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January 17, 2013


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Ohhoh what a job! Hope the rest goes/went well.


...a cliffhanger.... Benita, only you can make the story about refinishing the stairs sound like a mystery or a thriller, making the readers wait for the next chapter in anticipation. I guess it has something to do with you being born in Finland and living in Sweden - so many great Scandinavian mystery writers :-).

Anne Cathrine

Hi, long time reader/first time commenter (as far as I can remember at least :). I have the same type of pine stairs in our new house (are there any pine trees left in Scandinavia after the 80s?)and I'd like to paint the sides and railing white and maybe stain the treads dark. We'll see. Just wondering how much elbow grease is needed to sand down everyting? I have a Mister Mouse (that I love)and the previous owner has done nothing to them so it's just a matter of sanding down the varnish and maybe evening out 17 years of wear.

Also do you use oil based paint? It is probably a longer lasting finish than water based but I have a two year old and don't like the smell.

Thank you so much. Love to Mini and Bonus.


It took about an hour to sand one tread. It had glue residue, old varnish and lots of nicks and dings. It would probably be quicker with a belt sander but the issue is reaching corners etc where the mouse has advantage.

Solvent based paints aren't allowed here anymore so basically (with a few exceptions)all paints are water based now. Be sure to get special floor paint though if your stairs are high traffic.

I will give them a kiss aech from you when I get home :)


Hi Benita
Just wanted to share my tip for doing stairs. I recently painted my stairs and like yours we use them everyday so they couldn't be out of order. To get around this i painted every second step and the next day when they were dry did the in betweeners.
I am looking forward to seeing what you decide on.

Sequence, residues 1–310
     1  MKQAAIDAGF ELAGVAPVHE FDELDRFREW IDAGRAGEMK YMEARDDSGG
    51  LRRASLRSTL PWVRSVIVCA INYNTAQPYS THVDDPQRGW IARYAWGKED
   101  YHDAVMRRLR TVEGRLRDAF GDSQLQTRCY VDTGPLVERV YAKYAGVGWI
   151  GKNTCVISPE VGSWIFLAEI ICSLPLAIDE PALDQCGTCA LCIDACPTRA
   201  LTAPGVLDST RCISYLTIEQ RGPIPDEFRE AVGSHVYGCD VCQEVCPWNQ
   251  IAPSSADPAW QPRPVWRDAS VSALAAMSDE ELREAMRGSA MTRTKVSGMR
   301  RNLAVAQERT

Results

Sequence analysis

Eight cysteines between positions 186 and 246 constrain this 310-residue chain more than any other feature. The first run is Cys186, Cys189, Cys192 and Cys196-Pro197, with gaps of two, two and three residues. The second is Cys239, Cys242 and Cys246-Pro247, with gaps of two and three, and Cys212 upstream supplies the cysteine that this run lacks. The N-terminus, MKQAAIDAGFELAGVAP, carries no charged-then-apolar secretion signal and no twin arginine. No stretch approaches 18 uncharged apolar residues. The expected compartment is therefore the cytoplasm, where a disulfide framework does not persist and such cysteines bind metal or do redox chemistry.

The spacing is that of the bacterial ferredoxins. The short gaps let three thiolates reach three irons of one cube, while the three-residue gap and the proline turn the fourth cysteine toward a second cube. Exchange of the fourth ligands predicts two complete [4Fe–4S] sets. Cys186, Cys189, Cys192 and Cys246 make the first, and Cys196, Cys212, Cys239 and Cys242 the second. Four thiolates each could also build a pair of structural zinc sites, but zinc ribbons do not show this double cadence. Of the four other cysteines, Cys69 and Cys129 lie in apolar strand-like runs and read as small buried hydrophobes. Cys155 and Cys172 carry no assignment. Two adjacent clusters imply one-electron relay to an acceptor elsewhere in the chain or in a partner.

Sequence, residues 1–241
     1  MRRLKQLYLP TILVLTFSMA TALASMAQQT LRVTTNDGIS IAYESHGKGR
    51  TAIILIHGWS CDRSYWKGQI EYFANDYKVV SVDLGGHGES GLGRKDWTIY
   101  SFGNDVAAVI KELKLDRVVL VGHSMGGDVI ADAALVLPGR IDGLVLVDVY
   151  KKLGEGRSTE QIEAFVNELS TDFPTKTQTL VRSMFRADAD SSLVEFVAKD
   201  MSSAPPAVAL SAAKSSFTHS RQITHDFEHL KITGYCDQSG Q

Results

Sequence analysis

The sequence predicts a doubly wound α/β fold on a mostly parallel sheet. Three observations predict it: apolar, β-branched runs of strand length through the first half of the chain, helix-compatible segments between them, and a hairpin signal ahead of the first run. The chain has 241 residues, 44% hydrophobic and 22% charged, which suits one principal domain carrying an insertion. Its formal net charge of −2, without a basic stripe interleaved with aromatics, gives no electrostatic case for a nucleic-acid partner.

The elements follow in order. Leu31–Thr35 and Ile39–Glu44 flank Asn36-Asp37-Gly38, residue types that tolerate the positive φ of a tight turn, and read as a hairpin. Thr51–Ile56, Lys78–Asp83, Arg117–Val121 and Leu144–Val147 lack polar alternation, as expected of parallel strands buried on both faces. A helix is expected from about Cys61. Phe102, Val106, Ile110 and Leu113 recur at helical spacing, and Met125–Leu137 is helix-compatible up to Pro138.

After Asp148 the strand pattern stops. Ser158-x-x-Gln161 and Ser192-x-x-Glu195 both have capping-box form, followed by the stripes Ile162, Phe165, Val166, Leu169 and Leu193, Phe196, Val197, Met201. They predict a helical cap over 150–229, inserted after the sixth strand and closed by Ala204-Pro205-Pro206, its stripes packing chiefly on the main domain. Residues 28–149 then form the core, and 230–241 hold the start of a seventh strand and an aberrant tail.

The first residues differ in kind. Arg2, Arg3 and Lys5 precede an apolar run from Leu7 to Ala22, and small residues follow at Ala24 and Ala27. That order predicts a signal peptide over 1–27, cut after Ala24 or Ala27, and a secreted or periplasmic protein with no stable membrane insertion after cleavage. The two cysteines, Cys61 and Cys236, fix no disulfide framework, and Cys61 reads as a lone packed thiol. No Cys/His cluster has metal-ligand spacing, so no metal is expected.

Yeah, my neighbor did that too!


We also had terrible trouble with our stairs. The previous owners also fitted a stair lift that left awful holes all the way up. It was hell trying to fill it all and take all the staples out.

In the end we had a man come and look at it as the stairs were cracked in some places. Our house is quite old and he said it would be hard to match the wood. So we had to have carpet fitted. I cant wait to see how your steps come out. it will be an idea for my next house.

Love your blog!


First time commenter -- I have very old stairs(1860s?) although no nail holes, they are a bit chewed up looking, so we taped down rugs on the stair treads. They are very safe, especially since we used to slip on the bare stairs in our stocking feed and out dog needs them too so he doesn't slip with his nails. You can find stair treads in many different sizes and colors, and the special carpet tape that comes with them is very secure. Some styles even have sticky backings themselves. Thought I'd mention it since you were worried about tripping.


Oh my gosh, Lady! What a lot of work! You are amazing!


Oops, my answer is under your comment not next to it!



the spectator

You're a star! A hardworking star!

Angela @ A Pink Sunset

I wish you lots of luck on this project! It's awesome that you're taking on this project, and that you keep us updated! :)


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